On the first Saturday of the school year, after a hectic week of classes, many students would be looking forward to a weekend of relaxation. But that didn’t stop nearly 200 Dal students from gathering in the Studley quad bright and early for Dalhousie’s ninth annual Community Day.
Participants had the opportunity to spend their afternoon volunteering with one of 14 community organizations. Activities ranged from a food drive with Feed Nova Scotia all the way to building houses with Habitat for Humanity. The event offers a unique opportunity for new students to become familiar with Halifax, and for returning students to see the community from a new perspective.
“Community Day is one of many opportunities for Dalhousie students to give back,” said Arig al Shaibah, vice-provost Student Affairs. “You will get the most of your time at Dalhousie by taking a broad view of the community.”
Halifax’s Poet Laureate Rebecca Thomas, herself a Dal alum, spoke at the event, and stressed the importance of helping those in need.
“The impacts of your presence are truly felt,” she said, performing a poem dedicated to student volunteers.
First-year students Sandra Sunil and Ilne Barnard saw the event as an opportunity to get to know their new home. Hailing from PEI and Alberta, the pair wanted to get involved and familiar with Halifax and the Dalhousie community. The pair spent the afternoon collecting non-perishable food donations for Feed Nova Scotia.
“Volunteering offers a sense of purpose,” said Sandra, who volunteered with her hometown food bank before coming to Dal. “Volunteers sustain communities. They help those in need to flourish”.
Across the city, a group of students gathered at Hand in Hand to fill serenity bags for women in need. Hand in Hand is a non-profit organization dedicated to helping those who are struggling get back on their feet.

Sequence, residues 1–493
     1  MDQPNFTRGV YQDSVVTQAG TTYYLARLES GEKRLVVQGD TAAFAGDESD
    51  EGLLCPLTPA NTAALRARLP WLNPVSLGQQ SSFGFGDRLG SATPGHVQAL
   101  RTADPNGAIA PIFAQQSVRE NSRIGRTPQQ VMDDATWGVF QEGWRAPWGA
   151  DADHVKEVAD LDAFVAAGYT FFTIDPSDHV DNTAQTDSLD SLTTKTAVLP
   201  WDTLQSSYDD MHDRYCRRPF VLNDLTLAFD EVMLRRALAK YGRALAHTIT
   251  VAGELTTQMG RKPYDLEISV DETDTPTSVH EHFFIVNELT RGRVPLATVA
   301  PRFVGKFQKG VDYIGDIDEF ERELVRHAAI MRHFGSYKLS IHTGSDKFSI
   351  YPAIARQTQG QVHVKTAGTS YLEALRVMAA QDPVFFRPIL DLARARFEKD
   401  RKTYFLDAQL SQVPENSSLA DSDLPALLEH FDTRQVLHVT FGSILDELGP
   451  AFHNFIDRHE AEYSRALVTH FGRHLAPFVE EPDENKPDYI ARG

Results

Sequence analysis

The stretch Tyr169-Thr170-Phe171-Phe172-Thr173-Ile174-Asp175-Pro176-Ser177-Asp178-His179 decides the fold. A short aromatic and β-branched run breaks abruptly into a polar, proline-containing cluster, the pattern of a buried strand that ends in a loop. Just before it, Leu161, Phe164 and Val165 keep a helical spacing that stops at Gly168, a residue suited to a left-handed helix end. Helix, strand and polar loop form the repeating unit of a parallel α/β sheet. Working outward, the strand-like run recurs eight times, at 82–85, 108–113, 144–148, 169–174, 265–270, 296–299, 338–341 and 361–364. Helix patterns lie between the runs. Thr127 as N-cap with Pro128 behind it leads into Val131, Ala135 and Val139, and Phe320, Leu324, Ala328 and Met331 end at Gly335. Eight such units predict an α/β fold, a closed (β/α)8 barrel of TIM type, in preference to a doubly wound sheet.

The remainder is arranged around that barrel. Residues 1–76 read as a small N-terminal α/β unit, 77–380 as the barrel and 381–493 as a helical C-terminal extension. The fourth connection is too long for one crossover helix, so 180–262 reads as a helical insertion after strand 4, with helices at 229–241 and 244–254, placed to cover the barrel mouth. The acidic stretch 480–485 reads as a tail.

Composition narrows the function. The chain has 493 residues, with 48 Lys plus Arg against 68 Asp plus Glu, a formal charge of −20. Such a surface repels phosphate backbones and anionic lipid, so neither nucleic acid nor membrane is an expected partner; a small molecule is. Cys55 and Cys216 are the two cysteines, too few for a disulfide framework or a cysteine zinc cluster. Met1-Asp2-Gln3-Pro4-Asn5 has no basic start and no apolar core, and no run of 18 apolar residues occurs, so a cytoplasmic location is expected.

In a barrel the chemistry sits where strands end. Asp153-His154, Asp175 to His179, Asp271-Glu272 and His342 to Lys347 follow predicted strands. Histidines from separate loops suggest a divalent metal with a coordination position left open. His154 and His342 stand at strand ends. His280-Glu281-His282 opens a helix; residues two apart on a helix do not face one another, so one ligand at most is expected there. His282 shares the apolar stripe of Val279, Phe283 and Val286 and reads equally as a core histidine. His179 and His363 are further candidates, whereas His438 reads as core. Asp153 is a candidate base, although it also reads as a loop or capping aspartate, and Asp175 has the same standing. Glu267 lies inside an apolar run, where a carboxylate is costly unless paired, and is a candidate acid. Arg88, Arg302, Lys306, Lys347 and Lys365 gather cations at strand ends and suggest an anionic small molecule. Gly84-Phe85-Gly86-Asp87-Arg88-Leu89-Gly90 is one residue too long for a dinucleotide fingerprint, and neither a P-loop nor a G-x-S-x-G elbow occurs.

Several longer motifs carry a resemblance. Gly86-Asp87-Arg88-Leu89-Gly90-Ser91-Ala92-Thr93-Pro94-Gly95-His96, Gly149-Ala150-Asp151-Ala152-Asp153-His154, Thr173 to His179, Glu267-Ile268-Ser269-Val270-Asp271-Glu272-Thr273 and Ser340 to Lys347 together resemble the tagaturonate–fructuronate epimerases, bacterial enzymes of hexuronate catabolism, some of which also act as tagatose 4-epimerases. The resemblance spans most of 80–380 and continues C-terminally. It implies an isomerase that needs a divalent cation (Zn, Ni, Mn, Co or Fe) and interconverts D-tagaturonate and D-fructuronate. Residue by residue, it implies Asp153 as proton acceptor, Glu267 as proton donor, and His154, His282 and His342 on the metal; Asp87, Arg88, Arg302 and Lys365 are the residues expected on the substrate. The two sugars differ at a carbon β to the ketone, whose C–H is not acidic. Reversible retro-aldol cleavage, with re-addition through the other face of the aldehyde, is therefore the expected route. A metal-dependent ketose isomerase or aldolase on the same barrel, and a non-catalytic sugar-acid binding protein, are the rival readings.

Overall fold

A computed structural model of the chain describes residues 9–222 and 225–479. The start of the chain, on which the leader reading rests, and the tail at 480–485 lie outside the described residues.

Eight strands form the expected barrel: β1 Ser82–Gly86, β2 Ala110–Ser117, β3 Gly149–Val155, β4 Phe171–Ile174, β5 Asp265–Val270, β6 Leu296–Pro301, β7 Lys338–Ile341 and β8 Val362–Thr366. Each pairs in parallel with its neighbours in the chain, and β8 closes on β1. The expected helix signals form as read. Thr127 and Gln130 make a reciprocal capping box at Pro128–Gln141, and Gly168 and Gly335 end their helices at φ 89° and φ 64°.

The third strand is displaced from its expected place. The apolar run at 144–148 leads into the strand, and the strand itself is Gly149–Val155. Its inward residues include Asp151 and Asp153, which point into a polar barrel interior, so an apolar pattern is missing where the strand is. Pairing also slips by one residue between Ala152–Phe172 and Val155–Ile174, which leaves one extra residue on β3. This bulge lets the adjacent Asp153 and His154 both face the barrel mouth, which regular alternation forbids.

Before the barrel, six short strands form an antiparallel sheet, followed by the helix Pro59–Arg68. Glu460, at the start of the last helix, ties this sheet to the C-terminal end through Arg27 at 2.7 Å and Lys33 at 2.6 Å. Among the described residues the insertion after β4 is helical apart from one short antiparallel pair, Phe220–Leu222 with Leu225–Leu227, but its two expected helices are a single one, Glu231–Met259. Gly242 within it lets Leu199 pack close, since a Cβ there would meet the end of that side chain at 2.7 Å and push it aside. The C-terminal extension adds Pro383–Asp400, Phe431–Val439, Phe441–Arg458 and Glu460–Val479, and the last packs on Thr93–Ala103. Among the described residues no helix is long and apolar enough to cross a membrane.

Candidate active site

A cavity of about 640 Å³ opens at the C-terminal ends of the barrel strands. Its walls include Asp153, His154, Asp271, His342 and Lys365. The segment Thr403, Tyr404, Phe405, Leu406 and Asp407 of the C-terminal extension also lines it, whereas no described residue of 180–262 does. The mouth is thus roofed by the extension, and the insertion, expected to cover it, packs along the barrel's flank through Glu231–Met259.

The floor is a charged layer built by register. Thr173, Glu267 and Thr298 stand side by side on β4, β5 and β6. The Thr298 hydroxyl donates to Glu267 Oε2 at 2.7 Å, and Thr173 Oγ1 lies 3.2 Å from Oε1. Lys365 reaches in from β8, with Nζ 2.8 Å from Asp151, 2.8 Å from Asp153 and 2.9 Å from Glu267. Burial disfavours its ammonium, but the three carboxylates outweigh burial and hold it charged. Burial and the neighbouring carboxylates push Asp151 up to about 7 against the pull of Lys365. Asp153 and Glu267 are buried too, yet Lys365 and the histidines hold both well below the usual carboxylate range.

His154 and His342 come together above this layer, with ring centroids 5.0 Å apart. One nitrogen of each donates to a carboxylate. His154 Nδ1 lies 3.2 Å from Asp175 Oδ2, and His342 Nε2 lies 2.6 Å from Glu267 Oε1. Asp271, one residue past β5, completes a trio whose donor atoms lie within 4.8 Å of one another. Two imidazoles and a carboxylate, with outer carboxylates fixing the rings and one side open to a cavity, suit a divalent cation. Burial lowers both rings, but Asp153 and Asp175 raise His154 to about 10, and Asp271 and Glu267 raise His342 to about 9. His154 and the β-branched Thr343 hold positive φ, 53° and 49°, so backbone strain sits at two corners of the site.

“Our organization is almost entirely run by volunteers,” said Kathy Broussard, who has been working with Helping Hands for three years. “We have a few staff members, but we rely on help from the community to run efficiently,”
The support Dalhousie students provide to community organizations — not just on Community Day, but through the year — is invaluable.
Dylan and Max, fifth-year Dalhousie students dressed head to toe in safety gear, echoed Broussard’s thoughts.
“It’s an important opportunity for Dalhousie students to appreciate their role in Halifax at large,” said Dylan Ryan, who along with eight other students spent the day building a home with Habitat for Humanity. Like most of the organizations taking part in Community Day, Habitat for Humanity is 100 per cent volunteer driven.
Finding new passions
Gisele and Alejandro, both in their first year at Dalhousie, partnered with the Halifax Cycling Coalition for the afternoon. The group promoted bicycle safety while lobbying for the installation of designated cycling lanes throughout the city.
“When you volunteer you get to find things you are passionate about. Things that you wouldn’t necessarily find otherwise,” said Giselle.
Just up the road, a group of Dalhousie students had the opportunity to literally make history — in a manner of speaking. Parks Canada, a first time participant in Community Day, recruited volunteers to help build a WWI Trench Exhibition atop Citadel Hill.
Holly Johnson was one of the student leaders who rolled up her sleeves to fill large bags of sand to keep the monument stable. Despite the hard work, she remained enthusiastic.
“I love to help others find ways to get involved,” said Holly, who returned to the event for the third year in a row. “I will definitely keep volunteering throughout the school year.”
Even Dal Tiger joined in on the fun, promoting local produce by gardening with Common Roots Urban Garden.
Community Day ended with a debriefing session where students had the opportunity to reflect on how their contributions impacted the community, followed by a celebratory BBQ and a “dive-in movie” hosted by Dal After Dark — both well-earned opportunities to wind down after a hard (and good) day’s work.
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